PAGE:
Whether it's a shoebox-sized urban apartment or a powder room in a larger home, nearly everyone has to deal with decorating a small space. While there are many virtues to tiny living quarters — after all, you need fewer items to make a design impact — the challenge comes in making sure that every piece of furniture works without overwhelming the space. And all too often, this hefty challenge can lead to its fair share of mistakes. Here are 10 of the most common pitfalls when decorating a small space, and more importantly, what to do about them.
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Mistake #1: Going crazy with storage accessories.
In a small space, organization is crucial. However, too many storage bins can take up more room than the clutter they contain. It's better to restrict your organizational accessories to the bare minimum, and then using them to capitalize on unseen space (like under the bed or sofa). Opt for a sleek storage box like the VARDO ( $29.99 ) from Ikea.
Mistake #2: Choosing nothing but small-scale pieces.
Just because you have a small space doesn't mean everything in it has to be tiny. Though choosing a little loveseat instead of a sofa will free up floor space, it's often not the most practical choice. Instead, select key pieces in a size that works for your lifestyle. While you can't fit a full-size sectional in a studio, you could opt for a more comfortable armless sofa like the Percy Sofa ( $1,199 ) from Joybird and pair it with an ottoman that can be moved out the way when not in use.
Mistake #3: Going large in the wrong places.
A too-large coffee table makes pathways difficult to navigate while not offering much in the way of function. It's much better to pair your sofa with a smaller table like the Lirit Coffee Table from Anthropologie ( $1,168 ). Or, you can use two side tables placed side-by-side, which can be easily separated and used next to the sofa when you need the extra room.
Mistake #4: Cramming too much into too little space.
It's all about priorities: If you want to have a king-sized bed in a small room, you'll probably have to give up on nightstands. And if you can't fit a big desk into a small corner space? Try a secretary-style desk with a fold-down surface, like the Loring Secretary Desk from Target's new Project 62 line.
Mistake #5: Being afraid of color and pattern.
The old adage that strong colors make rooms appear smaller is a little misleading. Though white or light walls can make a room seem brighter and perhaps a little bigger, the effect is negated by the darker hues of the furniture most of us select. Instead, experiment with brighter shades that make you happy. A great place to start is with removable wallpaper, like this one from Urban Outfitters ( $39 ).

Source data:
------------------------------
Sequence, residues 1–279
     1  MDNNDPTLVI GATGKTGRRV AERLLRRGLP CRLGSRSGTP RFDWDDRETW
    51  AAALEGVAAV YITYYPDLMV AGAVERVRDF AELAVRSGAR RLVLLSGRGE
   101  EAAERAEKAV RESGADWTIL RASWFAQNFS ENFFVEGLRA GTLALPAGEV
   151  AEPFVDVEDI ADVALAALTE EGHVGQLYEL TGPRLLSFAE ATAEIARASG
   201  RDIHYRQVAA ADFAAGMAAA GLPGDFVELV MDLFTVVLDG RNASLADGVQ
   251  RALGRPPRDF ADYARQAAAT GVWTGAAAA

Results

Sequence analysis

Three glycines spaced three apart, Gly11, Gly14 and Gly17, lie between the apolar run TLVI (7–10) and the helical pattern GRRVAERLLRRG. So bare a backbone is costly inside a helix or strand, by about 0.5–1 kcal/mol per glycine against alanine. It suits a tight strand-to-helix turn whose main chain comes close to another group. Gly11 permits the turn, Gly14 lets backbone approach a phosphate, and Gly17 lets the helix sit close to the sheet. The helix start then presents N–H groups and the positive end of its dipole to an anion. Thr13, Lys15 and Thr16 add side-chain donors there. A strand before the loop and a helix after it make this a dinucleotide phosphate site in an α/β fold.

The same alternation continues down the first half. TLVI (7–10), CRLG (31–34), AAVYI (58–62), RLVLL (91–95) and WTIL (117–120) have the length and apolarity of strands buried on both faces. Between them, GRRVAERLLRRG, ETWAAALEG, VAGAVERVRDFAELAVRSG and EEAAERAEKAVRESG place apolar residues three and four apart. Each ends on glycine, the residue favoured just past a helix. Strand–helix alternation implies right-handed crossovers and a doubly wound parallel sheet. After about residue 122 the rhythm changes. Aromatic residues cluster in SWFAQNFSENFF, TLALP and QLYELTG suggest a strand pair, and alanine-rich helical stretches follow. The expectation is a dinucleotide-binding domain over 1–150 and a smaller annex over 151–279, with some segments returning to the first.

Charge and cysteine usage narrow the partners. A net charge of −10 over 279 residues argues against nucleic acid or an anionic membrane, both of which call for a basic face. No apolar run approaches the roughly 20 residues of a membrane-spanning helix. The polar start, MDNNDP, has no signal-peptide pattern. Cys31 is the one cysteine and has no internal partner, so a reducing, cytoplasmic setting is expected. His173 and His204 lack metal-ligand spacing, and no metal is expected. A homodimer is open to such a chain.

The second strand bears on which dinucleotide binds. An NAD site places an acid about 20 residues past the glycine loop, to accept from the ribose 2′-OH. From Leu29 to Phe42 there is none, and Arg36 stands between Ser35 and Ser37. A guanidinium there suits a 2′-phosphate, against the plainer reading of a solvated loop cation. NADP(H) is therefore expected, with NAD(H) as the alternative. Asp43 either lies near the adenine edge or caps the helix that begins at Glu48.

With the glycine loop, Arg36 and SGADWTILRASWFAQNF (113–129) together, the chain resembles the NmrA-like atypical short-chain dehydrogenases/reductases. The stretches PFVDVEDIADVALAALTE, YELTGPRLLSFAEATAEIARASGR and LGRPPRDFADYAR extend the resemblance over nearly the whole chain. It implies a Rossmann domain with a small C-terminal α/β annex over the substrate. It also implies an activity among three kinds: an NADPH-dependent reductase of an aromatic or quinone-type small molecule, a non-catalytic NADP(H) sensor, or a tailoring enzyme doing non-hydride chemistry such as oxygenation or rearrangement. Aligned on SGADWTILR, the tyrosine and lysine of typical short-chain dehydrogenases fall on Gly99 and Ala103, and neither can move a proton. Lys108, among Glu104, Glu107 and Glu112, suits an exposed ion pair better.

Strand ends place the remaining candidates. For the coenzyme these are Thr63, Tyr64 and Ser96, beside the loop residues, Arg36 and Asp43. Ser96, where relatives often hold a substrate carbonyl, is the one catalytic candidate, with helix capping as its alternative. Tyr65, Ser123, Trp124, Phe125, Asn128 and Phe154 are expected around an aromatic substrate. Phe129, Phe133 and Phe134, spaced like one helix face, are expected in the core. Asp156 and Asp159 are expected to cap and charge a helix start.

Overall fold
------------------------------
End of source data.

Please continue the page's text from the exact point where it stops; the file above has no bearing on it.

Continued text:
Mistake #6: Forgetting to add enough lighting.
An overhead light might not be enough to illuminate your space, leading to dark corners that make a room seem even smaller. Floor lamps can solve the problem, especially sleek designs like the IC F1 Floor Lamp ( $995 ) from Design Within Reach.
Mistake #7: Placing all of your furniture against a wall.
In the tiniest of rooms, you may not have a choice. However, if you can, pull the sofa a few inches away from the wall. This is a decorator trick to make a small space seem bigger, but it also gives you an opportunity to sneak in a thin console, like the Leona console table from Pottery Barn ( $479 ), which gives you a space for storage or displaying a collection.
Mistake #8: Hanging curtains too low.
Speaking of designer tricks, here's another one that can work in your favor: positioning your curtain rod as close to the ceiling as possible. This helps visually "lift" the ceiling to create the illusion of height. To maximize this trick, opt for a clear rod like the acrylic single rod hardware set ( starting at $79 ) from Ballard Designs.
Mistake #9: Not taking advantage of wall space.
Walls are not just for art. They can be put to use with wall-mounted shelves, like the reclaimed wood floating shelf from West Elm ( starting at $79 ), expanding storage without taking up a single square inch of floor space.
Mistake #10: Overlooking double-duty pieces.
Less is more when you select pieces that can have more than one function. Though we all know about the wonders of sofa beds, there are a few other pieces that can pull double-duty. A desk can be used as a dining surface, a low stool can be used as a side table, and an ottoman as a coffee table (just add a tray). Then there are the specialty dual-purpose pieces, like this round storage coffee table from CB2 ( $699 ).